The immediate and most noticeable difference between the products is that the CBT Nuggets courses are contained on one CD-ROM each, whereas there were five CD-ROMs for LearnKey’s Win2K Server course alone. Never one to prejudge quantity over quality, I quickly got down to a thorough diagnosis of these two products, starting with CBT Nuggets.
The CBT Nuggets videos are accessed by a simple Flash panel, which will autorun when you insert the CD. This Flash menu (check out the fish!) offers an introduction and the main videos, all split by topic. The videos themselves are viewed in Windows Media Player, which offers the Stop, Pause, and Play buttons. If you need to get to a precise place in the video, you have to use the slider.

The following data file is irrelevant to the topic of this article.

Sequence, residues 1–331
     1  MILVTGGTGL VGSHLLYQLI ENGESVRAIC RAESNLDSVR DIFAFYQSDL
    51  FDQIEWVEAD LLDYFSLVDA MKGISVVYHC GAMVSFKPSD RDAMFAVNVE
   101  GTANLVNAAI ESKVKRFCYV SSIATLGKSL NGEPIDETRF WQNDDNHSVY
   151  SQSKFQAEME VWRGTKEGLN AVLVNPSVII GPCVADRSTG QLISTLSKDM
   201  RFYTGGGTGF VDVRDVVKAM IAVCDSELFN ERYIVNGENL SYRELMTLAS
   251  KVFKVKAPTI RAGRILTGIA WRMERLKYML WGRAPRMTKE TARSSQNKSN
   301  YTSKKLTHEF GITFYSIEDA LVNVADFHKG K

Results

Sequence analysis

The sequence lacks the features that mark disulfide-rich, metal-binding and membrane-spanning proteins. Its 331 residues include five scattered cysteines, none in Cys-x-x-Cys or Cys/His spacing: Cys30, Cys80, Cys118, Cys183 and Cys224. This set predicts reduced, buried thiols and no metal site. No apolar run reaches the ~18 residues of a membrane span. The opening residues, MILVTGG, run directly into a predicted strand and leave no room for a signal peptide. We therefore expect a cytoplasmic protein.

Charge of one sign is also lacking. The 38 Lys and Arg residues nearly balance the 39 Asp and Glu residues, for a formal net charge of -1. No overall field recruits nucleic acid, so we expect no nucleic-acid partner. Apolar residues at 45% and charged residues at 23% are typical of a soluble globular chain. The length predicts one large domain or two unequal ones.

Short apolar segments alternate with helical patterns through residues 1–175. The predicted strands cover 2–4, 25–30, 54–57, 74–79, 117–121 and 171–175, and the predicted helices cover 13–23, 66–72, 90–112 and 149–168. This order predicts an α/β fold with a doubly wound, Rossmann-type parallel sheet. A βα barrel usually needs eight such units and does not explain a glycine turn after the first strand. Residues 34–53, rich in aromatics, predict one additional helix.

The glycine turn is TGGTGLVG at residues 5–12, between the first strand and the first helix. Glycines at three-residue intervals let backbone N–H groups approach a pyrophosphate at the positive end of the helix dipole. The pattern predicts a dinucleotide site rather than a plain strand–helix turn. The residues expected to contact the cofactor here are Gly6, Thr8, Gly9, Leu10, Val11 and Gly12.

Dan Charbonneau, an MCT since 1997, hosts the video sessions. He also holds Novell CNE and Cisco’s CCNA certifications. He has taught MCSE classes since 1998 and has his own consulting firm, which counts the city of Minneapolis among its clients. Obviously, Charbonneau is extremely knowledgeable about his subject. His presentation is amiable, clear, concise, and, most importantly, accurate. Typically, Charbonneau introduces a topic and uses a virtual whiteboard to illustrate theory principles and draw diagrams to clarify. I especially liked this approach because it really felt like I was sitting in a classroom having a one-to-one lesson. On more than one occasion, Charbonneau brought to light various points and issues that are not covered in the Microsoft Press 70-215 course book.